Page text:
Now, seven years later and with more than 40 years' experience in the field, McKechnie was the point man when the Raptors took on the challenge of caring for Leonard. Providing good care for Leonard and building trust with him was absolutely vital after those bonds eroded in San Antonio.
Nuggets controlled costs
Denver Nuggets owner Stan Kroenke -- his son Josh is vice chairman and runs the team now -- studied at the side of his father-in-law for decades. He became a self-made billionaire in doing so and one of the most successful sports team owners on the planet.
His father-in-law happened to be Sam Walton, the founder of Walmart. Walton believed, almost above all else, that controlling costs is vital to beating competition and growing business. Kroenke has operated his sports teams this way whenever possible.
In 2013, when the Raptors went looking for a GM, then-CEO Tim Leiweke was obsessed with getting Ujiri away from the Nuggets, where he had shown great promise. After getting denied permission to interview him several times, Leiweke finally secured it and offered Ujiri a multimillion-dollar-per-season raise. The Nuggets, controlling costs, declined to match, and he left.
Ujiri went to Toronto, and the team hasn't missed the playoffs since, slowly building to these Finals.
Iman Shumpert got hot
It's well known that the Raptors wanted to trade star point guard Kyle Lowry to the New York Knicks in the 2013-14 season to start a roster makeover. The deal was negotiated. It was to be Raymond Felton, Iman Shumpert and a future first-round pick for Lowry, who was in the final year of his contract.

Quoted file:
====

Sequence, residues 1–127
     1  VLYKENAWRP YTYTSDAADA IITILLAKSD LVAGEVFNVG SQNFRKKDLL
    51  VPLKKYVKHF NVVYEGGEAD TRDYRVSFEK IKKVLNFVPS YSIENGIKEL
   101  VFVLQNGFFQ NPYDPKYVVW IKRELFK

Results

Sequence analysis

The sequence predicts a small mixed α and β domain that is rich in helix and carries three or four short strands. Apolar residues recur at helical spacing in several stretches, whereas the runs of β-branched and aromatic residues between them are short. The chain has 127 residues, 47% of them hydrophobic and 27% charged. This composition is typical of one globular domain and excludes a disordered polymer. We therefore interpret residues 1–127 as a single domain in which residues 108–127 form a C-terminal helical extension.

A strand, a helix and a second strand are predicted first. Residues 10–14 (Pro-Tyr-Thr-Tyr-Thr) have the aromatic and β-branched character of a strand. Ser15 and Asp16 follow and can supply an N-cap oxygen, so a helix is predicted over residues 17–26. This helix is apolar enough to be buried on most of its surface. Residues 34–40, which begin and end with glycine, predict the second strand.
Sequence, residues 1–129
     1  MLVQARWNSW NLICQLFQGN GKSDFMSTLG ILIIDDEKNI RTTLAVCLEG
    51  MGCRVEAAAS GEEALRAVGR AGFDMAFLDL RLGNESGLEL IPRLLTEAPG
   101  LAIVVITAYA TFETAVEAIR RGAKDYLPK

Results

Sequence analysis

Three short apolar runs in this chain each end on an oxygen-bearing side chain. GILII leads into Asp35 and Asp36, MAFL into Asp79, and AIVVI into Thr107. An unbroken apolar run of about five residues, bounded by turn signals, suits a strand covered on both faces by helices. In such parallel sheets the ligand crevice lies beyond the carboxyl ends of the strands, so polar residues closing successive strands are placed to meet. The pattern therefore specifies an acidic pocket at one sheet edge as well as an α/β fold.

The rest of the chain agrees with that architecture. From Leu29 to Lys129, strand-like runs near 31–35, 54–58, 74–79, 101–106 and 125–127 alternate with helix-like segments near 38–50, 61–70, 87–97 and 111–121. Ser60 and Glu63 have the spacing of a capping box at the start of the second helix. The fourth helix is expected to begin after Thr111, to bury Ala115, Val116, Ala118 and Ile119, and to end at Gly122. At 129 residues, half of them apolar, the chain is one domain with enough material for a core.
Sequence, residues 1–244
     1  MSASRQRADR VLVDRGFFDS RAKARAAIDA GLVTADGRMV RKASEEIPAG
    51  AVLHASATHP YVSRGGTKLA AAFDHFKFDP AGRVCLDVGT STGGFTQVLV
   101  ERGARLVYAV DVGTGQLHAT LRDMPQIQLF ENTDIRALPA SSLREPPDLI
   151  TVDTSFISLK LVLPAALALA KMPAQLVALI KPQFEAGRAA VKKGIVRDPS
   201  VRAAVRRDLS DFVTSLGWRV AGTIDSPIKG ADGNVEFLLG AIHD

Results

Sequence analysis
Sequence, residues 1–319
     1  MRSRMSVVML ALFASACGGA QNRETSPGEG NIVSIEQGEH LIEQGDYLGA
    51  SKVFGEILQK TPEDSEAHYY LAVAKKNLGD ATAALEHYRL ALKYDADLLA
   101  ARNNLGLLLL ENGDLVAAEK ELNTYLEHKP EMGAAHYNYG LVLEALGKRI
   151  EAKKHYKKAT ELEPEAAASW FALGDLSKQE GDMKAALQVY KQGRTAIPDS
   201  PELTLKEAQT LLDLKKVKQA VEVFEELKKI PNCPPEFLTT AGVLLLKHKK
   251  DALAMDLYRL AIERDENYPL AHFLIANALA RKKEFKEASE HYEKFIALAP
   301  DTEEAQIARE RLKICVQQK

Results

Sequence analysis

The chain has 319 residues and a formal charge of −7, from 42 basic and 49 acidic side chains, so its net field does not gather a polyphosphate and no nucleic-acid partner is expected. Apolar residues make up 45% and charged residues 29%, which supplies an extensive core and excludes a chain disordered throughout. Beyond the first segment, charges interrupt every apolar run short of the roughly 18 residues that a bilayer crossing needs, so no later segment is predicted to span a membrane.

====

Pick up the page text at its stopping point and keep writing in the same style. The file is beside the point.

Lowry wanted to go. Carmelo Anthony lobbied Knicks management to make the deal. The Raptors, after rounds of talks to get the terms of when they'd get the first-round pick, were ready to schedule the trade call.
For years, Knicks owner Jim Dolan has been blamed as the one who stopped the trade. The previous summer, the Knicks had traded a first-round pick to the Raptors to acquire former No. 1 overall pick Andrea Bargnani, and the deal had turned sour, and the Knicks had been bashed for it. A story went around that Dolan didn't want to do another deal with Raptors GM Masai Ujiri after that.